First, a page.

The US Food and Drug Administration has published draft guidance with updated recommendations for good clinical practices (GCPs) to modernise the design and conduct of clinical trials.
The updates are intended to help pave the way for more efficient clinical trials. The draft guidance is adopted from the International Council for Harmonisation’s (ICH) recently updated E6(R3) draft guideline.
“A more robust clinical trial ecosystem that is capable of producing reliable evidence more efficiently may support more informed decision-making in developing medical products to help patients,” said FDA Commissioner Robert Califf.
“Building quality into the design and conduct of trials and encouraging the use of innovative trial designs and health technologies are essential to truly advance clinical trials and generate meaningful results.”
Over the years, clinical trials have been viewed as costly, inefficient and constrained by inadequate collaboration and insufficient utilisation of technology, data sources and innovations in design and conduct.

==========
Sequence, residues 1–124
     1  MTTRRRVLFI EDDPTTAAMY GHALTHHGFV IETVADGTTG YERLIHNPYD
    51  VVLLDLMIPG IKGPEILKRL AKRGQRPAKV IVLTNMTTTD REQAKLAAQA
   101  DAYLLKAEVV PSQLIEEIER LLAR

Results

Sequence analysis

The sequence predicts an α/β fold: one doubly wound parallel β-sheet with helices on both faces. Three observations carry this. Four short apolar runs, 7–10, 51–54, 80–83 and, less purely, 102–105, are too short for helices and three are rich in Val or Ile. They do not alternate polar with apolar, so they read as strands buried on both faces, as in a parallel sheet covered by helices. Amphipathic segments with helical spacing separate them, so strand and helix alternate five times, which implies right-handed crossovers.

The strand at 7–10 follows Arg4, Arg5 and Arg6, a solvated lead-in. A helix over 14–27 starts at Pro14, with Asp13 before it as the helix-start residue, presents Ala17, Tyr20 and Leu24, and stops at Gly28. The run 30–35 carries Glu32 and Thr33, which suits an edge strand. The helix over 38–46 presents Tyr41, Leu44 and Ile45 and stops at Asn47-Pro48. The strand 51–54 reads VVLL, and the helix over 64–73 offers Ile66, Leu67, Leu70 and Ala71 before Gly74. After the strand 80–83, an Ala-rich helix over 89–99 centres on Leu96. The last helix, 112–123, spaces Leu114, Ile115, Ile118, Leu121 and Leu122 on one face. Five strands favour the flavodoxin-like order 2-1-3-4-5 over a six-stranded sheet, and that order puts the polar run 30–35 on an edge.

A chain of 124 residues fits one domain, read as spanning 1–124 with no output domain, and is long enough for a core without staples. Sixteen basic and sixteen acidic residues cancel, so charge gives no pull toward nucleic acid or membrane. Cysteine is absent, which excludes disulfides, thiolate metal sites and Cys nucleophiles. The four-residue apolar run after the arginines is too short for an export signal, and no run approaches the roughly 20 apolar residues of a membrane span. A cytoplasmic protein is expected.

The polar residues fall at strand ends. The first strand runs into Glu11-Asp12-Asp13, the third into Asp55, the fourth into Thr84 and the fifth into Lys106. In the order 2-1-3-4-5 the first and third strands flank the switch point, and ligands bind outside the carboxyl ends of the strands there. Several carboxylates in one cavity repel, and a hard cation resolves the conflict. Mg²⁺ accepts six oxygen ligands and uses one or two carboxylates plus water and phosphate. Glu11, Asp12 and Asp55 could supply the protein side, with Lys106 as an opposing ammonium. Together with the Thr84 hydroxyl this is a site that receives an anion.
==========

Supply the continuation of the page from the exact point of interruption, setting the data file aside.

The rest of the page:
“These draft recommendations were developed with the aim to streamline trials, making them more efficient and flexible as the trial enterprise continues to evolve,” said M Khair ElZarrad, Director of the FDA’s Center for Drug Evaluation and Research’s Office of Medical Policy. “We hope these recommendations, once finalised, will encourage thoughtful approaches to conducting clinical trials with a focus on participant safety and data integrity.”
In May, the FDA released draft guidance proposing recommendations for the implementation of decentralised clinical trials. The agency also recently released a digital health technologies (DHT) framework document to guide the use of DHT-derived data in regulatory decision-making for drugs and biological products.
The draft guidance will be open for public comment for 60 days. The ICH Expert Working Group will review comments and feedback from other ICH member countries before finalising the ICH guideline.